All clones in a colony are connected by a thin layer of tissue that allows them to share food. That’s why stepping on, or grabbing, living coral damages the entire colony.

Stony corals get their colors from tiny plants that live inside the skeleton cups. The corals in and around Marina Taina included blue rice, yellow lace, pink cauliflower and brown antler, so stunning it was hard to walk without stopping.

I felt sad saying goodbye to Tahiti with its charming marina full of coral heads packed together like a farmers market display, complete with pushy fish shoppers. My consolation is that more magic lies ahead.

Marine biologist Susan Scott writes the newspaper column, “Ocean
Watch”, for the Honolulu Star-Advertiser, www.staradvertiser.com

©2014 Susan Scott


Storm was full of menace but is now a grand memory

Published October 7, 2013 in the “Ocean Watch” column, Honolulu Star-Advertiser ©2013 Susan Scott

What was your favorite part of the trip?” my husband asked after we left our 37-foot ketch Honu in a Tahitian marina and flew home.

After two months of sailing around the Society Islands, I had trouble choosing. So I asked him to tell me his favorite.

Without hesitation he replied, “The beauty and power of that storm.”

I stared at him. Here I was trying to decide between the tiny shrimp I found on cushion stars and the charming little pipefish with the sea horse heads, and there’s Craig fondly remembering a gale that scared me out of my wits.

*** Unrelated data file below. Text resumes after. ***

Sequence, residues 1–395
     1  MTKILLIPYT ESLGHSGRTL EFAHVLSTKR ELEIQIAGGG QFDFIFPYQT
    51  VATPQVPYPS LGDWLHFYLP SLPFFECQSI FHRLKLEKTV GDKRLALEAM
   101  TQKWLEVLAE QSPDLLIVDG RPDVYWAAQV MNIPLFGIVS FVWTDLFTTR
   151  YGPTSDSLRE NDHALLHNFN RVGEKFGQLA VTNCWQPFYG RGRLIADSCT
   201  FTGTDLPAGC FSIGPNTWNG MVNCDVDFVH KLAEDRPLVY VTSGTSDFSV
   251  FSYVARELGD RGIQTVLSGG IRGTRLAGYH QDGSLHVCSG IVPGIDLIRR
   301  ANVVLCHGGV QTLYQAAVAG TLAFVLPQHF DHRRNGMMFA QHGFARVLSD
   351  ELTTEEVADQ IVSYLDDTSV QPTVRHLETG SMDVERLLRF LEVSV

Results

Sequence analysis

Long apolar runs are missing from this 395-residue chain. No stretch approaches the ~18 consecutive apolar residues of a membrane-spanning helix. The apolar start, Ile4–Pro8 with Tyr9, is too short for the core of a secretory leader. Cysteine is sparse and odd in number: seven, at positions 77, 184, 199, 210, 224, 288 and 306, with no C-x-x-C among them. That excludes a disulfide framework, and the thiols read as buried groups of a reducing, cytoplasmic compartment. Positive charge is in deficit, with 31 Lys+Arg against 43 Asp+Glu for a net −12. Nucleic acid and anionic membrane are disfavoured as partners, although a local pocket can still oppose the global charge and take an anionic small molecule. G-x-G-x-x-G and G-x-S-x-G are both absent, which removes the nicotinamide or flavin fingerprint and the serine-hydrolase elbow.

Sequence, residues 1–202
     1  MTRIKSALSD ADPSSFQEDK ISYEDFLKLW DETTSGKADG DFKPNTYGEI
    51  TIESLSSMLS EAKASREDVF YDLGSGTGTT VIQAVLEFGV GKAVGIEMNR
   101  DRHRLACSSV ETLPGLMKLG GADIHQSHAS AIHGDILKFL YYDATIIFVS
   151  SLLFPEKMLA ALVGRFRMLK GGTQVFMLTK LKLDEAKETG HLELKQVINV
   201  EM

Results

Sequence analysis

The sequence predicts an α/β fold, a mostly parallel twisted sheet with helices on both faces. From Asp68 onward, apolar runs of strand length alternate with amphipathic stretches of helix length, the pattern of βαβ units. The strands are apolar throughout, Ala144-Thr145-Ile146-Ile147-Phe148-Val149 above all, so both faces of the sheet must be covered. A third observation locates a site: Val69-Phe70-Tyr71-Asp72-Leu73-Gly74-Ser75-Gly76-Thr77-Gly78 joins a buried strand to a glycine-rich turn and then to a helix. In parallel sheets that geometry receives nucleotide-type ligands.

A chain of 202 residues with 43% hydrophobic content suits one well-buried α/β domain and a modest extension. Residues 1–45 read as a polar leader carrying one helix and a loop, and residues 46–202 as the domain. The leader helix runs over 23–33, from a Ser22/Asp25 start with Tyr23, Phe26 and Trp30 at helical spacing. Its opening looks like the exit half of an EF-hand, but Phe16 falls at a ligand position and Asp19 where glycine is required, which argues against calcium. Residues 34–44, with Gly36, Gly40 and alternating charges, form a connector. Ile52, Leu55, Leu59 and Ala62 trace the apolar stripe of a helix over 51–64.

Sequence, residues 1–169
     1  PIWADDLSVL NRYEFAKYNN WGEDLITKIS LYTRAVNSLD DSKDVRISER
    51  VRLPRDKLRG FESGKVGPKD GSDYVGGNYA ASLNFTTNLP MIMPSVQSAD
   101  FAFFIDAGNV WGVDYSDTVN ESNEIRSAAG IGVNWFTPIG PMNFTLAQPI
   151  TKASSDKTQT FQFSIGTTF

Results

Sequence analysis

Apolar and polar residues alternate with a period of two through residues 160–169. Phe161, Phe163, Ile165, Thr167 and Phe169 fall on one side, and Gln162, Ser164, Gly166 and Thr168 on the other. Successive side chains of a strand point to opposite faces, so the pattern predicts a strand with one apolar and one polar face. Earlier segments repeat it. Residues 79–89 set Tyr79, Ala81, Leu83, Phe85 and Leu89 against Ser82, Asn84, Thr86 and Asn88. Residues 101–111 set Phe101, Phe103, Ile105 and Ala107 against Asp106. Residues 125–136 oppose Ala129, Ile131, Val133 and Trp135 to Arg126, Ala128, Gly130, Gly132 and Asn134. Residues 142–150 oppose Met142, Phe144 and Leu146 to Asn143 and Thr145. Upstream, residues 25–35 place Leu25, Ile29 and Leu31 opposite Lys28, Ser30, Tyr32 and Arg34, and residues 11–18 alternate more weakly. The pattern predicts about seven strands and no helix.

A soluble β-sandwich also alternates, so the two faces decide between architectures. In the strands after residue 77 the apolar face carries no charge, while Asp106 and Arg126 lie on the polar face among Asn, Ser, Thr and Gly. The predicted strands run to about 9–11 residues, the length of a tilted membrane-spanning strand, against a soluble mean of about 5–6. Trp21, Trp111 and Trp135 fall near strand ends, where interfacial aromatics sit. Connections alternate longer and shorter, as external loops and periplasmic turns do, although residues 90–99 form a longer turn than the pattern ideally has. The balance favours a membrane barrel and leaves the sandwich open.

Craig didn’t have to tell me which storm he spoke of because we encountered only one. It struck at the end of a 90-mile passage between Hua­hine and Moo­rea. During that overnight trip, wind gusts were up to 25 mph, and squalls prowled the sky like battleships. Honu did well for a cruising boat, sailing against the wind at 4 to 5 mph. It would be a long night of smashing into waves in the heeling boat, but this is typical of beating, a point of sail named well.

Craig, a lifetime sailor who never gets seasick, knew I was feeling queasy and offered to keep watch in the cockpit for the night while I lay below. Since he could steer better than the autopilot in those conditions, he also drove.

As dawn began to break, a flash of lightning had me poking my head out.

“There’s a squall to the south, but we’re fine,” Craig said. “Look. There’s Moo­rea.”

And then Moorea disappeared.

Neither of us had ever seen a storm move with such speed or strike with such ferocity. The wind peaked at 53 mph, driving rain into our faces like tiny needles. Lightning flashed. Thunder boomed. Waves rose like great gray walls, breaking over the decks and into the center cockpit.

“I’m afraid the mainsail will tear,” Craig said, starting the engine. “You’ll have to steer while I take it down.”